Why Obamacare Isn’t Enough
wpedon id=8560

About the Author

author photo

Bryan is an artist, father, husband, and son (not really in that order). He works for the Department of Vetern's Affairs and writes and administers The Fireside Post with his father, Ohg Rea Tone. His writings have not been published, though they have been printed a lot.

See All Posts by This Author

Why Obamacare Isn’t Enough

feature photo

We have been entangled in a running debate in our society about health care, the related skyrocketing costs, and how we are going to pay for them.  In spite of the political backlash initially endured by the White House Administration, the Affordable Care Act, where the rubber meets the road and where the pocket book meets the health care delivery system, is alive and well.  The campaign trail brought even more scrutiny and threats of repeal for the legislation.  I would submit, however,  that there is something more to the conversation, a piece to the debate that has long been left out of the national dialogue.

Our current public vitriol is mostly reserved for the issue of how we pay for health care, and we have almost entirely skipped over the part where we talk about how we deliver health care.  There are several reasons why this debate has gone astray, and understanding the reason that we are so far off the mark will go a long way toward steering us back in the right direction.

One of the problems with addressing this issue is that we are, as a culture, suffering under the delusion that the debate is over private health care vs. public health care.  The reason that we are delusional in this regard is that there is a misconception about the nature of “private” health care in our current system.  According to a testimony before the House Committee on the Budget on February 28, 2012, by Richard S. Foster, FSA, MAAA, Chief Actuary for the Centers for Medicare & Medicaid Services:

“Medicare and Medicaid have been growing as a share of total [health care]expenditures.  Over this period, Medicare increased from 13 percent of all U.S. health spending to 20 percent currently, and Medicaid grew from 10 percent to 15 percent. Payments by private health insurance have also increased as a share of the total, reaching 33 percent in 2010, although this level is a little lower than the maximum of 35 percent experienced in 2003 through 2005.  Out-of-pocket costs for health care services have declined substantially, from 27 percent of total expenditures in 1976 to 12 percent in 2010, reflecting private health insurance and Medicaid coverage expansions during this period.”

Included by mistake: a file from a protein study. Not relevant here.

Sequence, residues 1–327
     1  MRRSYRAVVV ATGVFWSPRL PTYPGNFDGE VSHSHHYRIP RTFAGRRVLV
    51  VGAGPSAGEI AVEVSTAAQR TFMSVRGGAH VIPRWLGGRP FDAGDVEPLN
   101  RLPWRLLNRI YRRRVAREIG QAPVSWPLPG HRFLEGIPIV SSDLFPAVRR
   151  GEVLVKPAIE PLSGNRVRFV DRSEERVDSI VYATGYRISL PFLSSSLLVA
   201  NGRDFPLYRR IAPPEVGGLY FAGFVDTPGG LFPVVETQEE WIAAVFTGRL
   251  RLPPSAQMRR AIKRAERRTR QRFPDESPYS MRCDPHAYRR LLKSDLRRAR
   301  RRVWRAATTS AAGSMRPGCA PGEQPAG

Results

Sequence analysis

So, in 2010, 35% of National Health Expenditures were from a public source, paid to a private hospital for services rendered.  More than a third of our “private” revenues were indeed paid for by the public.  This is certainly not a sustainable solution, as any time the public fund is used to prop up the bottom line of private industry the public is asking to be ripped off.  There is no incentive for the private health care industry to curb expenses, provide excellent customer care, or invest in new and innovative practices to streamline processes.  Public money is not an effective means of revenue for private health care delivery systems, and the percentage of our National Health Expenditure on Medicare and Medicaid looks as though it is only set to rise in the future.